Sudan measure puts administration in tough spot

A bipartisan resolution denouncing both Sudan and the Arab League may place the White House in the difficult position of choosing between strategic and humanitarian interests.

The White House will face tremendous pressure to support the measure, which expresses disapproval for the Arab League’s holding its annual summit in Sudan, to bring attention to what has been deemed by many as genocide in the country’s Darfur region. However, such support may undermine U.S. intelligence-sharing with Sudan as well as diplomatic efforts in Darfur and Iraq.

Rep. Frank Pallone (D-N.J.) introduced the bill Tuesday with 36 co-sponsors, including senior House Republicans Dan Burton (Ind.), Dana Rohrabacher (Calif.) and Ileana Ros-Lehtinen (Fla.)

Pallone asserted that condemning the summit is another way of showing Congress’s awareness of the genocide in Darfur, adding, “If The White House will not act on the Sudan issue, then it is incumbent on Congress to take action.”

Will Adams, a spokesman for Rep. Tom Tancredo (R-Colo.), a co-sponsor, said the emphasis should be on pressuring the Sudanese government to end the hostilities. He also said the White House has not been willing to be as vocal as members of Congress on Darfur.

The resolution denounces the Arab League for scheduling its March summit in Khartoum, the Sudanese capital, and asserts that the decision provides an economic reward for the country. It further states that the summit will encourage Sudan to continue to commit genocide against the people of Darfur.

The Sudanese government has been accused of “ethnic cleansing” against Darfurian civilians, stemming from a military conflict with separatist rebels that began in 2003, with fatality estimates ranging from 180,000 to 400,000.

A State Department spokesperson said, “The U.S. would welcome anything the Arab League can do to help influence the parties to bring about a swift resolution to the political and humanitarian crisis in Darfur.”

In the past, the House has had difficulty in passing legislation regarding Darfur. The Darfur Peace and Accountability Act, which was introduced in June 2005 and calls for sanctions against Sudan, is still in the International Relations Committee, while a separate bill, sponsored by Rep. Donald Payne (D-N.J.), was stripped from a 2005 emergency supplemental bill. The Darfur Peace and Accountability Act is expected to move this year. It is sponsored by International Relations Committee Chairman Henry Hyde (R-Ill.).

Greg Simpkins, a legislative aide with Rep. Chris Smith (R-N.J.), who chairs the Africa Subcommittee, said that Smith plans to lend his support to the Pallone resolution and that he was “fairly sure it will get through the subcommittee.” He added that he couldn’t see any reason why the measure would not come for a floor vote before the summit takes place.

A staffer on the International Relations Committee said that the bipartisan support and the backing of prominent members of the Congressional Black Caucus, specifically Payne, would help ensure movement of the Pallone resolution.

The Senate’s recent history of bipartisanship on Darfur indicates a strong likelihood of passage. Senate Foreign Relations Committee Chairman Richard Lugar (R-Ind.) and ranking member Joseph Biden (D-Del.) co-sponsored legislation on Darfur in 2004.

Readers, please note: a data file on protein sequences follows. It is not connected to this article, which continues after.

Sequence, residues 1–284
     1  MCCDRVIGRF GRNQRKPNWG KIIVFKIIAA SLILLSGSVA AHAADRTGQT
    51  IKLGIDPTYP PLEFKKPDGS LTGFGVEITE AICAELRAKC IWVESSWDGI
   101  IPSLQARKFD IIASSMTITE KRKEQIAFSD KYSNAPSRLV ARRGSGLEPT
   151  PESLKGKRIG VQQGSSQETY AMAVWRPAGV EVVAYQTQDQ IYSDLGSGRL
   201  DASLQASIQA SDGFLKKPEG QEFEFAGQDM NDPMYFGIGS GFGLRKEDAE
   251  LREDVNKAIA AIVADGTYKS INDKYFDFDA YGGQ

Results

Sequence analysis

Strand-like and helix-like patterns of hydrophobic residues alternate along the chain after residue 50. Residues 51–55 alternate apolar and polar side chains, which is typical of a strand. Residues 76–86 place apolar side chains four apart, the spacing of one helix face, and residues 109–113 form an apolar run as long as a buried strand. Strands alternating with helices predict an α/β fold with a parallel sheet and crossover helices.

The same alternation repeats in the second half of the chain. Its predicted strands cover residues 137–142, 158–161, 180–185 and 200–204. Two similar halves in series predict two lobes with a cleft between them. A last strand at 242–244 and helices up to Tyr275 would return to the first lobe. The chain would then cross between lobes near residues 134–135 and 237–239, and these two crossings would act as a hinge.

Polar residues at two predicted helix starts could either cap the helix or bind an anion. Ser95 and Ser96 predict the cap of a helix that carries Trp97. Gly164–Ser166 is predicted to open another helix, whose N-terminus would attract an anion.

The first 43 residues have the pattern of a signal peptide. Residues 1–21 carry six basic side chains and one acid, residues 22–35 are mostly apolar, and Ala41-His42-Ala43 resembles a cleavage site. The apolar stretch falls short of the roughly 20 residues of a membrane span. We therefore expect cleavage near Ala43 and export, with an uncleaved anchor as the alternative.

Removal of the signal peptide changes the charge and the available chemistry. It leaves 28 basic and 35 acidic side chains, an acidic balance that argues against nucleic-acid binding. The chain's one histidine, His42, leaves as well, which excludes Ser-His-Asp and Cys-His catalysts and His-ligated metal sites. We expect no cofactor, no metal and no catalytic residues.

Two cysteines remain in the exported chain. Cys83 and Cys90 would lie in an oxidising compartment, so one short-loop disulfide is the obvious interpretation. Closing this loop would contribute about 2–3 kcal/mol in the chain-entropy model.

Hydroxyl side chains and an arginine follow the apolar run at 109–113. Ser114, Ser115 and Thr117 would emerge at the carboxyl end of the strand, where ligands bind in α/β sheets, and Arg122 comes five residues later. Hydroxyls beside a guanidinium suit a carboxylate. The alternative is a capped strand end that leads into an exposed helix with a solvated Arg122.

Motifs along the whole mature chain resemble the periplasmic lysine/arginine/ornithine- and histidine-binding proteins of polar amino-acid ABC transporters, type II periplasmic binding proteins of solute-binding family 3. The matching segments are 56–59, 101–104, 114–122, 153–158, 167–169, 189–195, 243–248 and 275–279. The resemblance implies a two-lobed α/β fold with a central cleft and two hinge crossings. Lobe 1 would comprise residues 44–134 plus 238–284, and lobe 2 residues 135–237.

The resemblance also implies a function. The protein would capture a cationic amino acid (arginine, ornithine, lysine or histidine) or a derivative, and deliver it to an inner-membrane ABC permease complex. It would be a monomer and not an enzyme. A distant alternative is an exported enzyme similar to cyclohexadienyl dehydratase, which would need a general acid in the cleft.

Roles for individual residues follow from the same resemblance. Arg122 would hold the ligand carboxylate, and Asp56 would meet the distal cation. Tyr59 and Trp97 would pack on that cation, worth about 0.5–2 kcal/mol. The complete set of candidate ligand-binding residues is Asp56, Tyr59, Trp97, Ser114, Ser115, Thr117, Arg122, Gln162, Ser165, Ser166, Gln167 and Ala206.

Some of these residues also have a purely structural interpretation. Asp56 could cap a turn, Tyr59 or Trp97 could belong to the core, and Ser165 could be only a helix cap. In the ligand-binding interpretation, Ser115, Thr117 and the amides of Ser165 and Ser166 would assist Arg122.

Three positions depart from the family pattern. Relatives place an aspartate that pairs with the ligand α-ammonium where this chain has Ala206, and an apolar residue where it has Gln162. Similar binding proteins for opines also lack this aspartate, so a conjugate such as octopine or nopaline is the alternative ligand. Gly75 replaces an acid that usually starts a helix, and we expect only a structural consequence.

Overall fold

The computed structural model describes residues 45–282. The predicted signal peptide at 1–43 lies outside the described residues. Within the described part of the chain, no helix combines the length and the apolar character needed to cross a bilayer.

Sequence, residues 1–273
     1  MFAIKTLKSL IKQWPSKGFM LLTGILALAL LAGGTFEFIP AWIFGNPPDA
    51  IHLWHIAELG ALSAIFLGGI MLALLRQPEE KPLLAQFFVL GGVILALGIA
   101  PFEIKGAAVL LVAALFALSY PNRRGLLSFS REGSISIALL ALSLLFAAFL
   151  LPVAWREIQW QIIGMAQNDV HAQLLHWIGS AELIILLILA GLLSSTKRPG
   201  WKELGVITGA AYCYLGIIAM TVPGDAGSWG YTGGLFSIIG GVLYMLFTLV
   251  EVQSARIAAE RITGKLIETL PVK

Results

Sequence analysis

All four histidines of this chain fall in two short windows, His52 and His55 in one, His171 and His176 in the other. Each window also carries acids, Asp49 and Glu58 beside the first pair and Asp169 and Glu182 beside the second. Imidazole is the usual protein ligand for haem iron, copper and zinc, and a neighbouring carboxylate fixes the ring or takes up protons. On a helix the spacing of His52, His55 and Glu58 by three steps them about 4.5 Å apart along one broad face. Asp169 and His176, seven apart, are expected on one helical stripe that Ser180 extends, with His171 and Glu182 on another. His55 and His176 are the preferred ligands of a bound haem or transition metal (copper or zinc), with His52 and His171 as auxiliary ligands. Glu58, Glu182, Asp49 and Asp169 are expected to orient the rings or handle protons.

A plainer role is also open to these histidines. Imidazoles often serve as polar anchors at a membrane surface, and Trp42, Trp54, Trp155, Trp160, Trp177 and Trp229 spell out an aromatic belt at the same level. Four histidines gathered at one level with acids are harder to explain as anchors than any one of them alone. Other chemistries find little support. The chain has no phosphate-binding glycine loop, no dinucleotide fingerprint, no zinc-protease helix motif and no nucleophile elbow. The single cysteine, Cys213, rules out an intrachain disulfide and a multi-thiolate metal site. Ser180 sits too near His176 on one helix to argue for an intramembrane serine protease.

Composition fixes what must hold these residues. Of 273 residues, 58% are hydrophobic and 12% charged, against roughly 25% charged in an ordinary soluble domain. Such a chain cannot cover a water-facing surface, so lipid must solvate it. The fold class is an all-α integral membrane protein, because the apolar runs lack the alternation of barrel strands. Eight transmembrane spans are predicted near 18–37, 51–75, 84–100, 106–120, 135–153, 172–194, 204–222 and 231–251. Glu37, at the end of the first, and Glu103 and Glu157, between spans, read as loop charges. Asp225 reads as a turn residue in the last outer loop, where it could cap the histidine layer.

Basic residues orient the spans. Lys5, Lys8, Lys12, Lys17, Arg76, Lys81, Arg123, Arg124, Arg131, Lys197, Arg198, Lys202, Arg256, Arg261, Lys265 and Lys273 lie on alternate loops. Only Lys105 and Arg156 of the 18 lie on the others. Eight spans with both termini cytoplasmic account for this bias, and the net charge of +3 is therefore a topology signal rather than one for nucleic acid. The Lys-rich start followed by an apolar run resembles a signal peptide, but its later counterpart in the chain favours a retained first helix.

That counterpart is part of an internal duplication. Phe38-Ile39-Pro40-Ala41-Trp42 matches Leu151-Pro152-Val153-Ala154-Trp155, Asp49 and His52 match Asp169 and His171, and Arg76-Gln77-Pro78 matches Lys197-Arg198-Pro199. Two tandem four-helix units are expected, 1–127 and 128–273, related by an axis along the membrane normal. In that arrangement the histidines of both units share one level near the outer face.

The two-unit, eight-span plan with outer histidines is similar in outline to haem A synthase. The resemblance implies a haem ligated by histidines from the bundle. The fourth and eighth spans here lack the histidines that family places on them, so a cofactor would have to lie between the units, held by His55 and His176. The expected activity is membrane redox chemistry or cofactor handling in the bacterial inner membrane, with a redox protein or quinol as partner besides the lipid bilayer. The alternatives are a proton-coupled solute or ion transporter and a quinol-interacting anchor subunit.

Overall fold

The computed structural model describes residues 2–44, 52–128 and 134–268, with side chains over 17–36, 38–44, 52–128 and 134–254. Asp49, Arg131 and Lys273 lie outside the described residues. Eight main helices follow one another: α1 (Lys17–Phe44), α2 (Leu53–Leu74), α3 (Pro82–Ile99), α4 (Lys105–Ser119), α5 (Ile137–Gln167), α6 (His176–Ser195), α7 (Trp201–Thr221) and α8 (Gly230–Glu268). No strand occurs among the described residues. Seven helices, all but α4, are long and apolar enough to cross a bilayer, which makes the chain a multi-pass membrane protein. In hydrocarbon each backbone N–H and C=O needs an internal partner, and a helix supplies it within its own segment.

The Bush administration has cultivated a tense balance with Sudan over the past five years. In addition to sponsoring a U.N. resolution calling for an end to the violence in Darfur as well as negotiating with the government directly, the White House has also established an ongoing intelligence-sharing relationship, which could be jeopardized if the president supports the resolution. The Sudanese government has reportedly provided information on Islamic terrorists and aided the Central Intelligence Agency (CIA) in rounding up terror suspects.

This tension was highlighted when the CIA flew Sudan’s intelligence chief, Salah Abdallah Gosh, to Washington to discuss intelligence on al Qaeda — a move that offended members of Congress, the State Department and the Justice Department.

While U.S. relations with the Arab League have not been cooperative, the group could aid American interests in the Middle East. The Sunni-dominated delegation sponsored a national reconciliation conference among Shiites, Sunnis and Kurds in Iraq late last year that was lauded by U.N. Secretary-General Kofi Annan.

The Arab League has consistently supported the Sudanese government, including a call in 2004 to reject sanctions and international military involvement regarding Darfur.

The White House may look to ensure that the bill does not come up for a final vote. The move to strike the House bill from the 2005 supplemental came at the behest of the White House to preserve a Sudanese peace treaty, according to a report in The American Prospect.

Susan Rice, a senior fellow at the Brookings Institution and former assistant secretary of state for African affairs under President Clinton, said that Sudan’s intelligence offerings during her time in office were not substantive and that there should be a very high bar for any improved relations with Sudan.

James Phillips, a research fellow in Middle Eastern Studies with the Heritage Foundation, also expressed skepticism about Sudan’s intelligence but asserted that the United States’ multilateral approach has been undermined by other countries, specifically China.